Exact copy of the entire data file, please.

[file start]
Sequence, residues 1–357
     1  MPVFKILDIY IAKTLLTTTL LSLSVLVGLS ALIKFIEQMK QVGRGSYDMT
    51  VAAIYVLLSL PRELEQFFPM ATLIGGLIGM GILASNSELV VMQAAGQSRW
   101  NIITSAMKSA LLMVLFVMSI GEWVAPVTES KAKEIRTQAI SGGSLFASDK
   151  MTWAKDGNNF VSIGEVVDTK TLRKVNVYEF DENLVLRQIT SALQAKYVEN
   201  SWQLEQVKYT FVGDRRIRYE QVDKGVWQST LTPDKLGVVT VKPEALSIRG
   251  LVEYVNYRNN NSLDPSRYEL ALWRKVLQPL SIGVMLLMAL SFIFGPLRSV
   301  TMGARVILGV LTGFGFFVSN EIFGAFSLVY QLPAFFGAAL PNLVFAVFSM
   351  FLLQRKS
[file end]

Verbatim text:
Sequence, residues 1–357
     1  MPVFKILDIY IAKTLLTTTL LSLSVLVGLS ALIKFIEQMK QVGRGSYDMT
    51  VAAIYVLLSL PRELEQFFPM ATLIGGLIGM GILASNSELV VMQAAGQSRW
   101  NIITSAMKSA LLMVLFVMSI GEWVAPVTES KAKEIRTQAI SGGSLFASDK
   151  MTWAKDGNNF VSIGEVVDTK TLRKVNVYEF DENLVLRQIT SALQAKYVEN
   201  SWQLEQVKYT FVGDRRIRYE QVDKGVWQST LTPDKLGVVT VKPEALSIRG
   251  LVEYVNYRNN NSLDPSRYEL ALWRKVLQPL SIGVMLLMAL SFIFGPLRSV
   301  TMGARVILGV LTGFGFFVSN EIFGAFSLVY QLPAFFGAAL PNLVFAVFSM
   351  FLLQRKS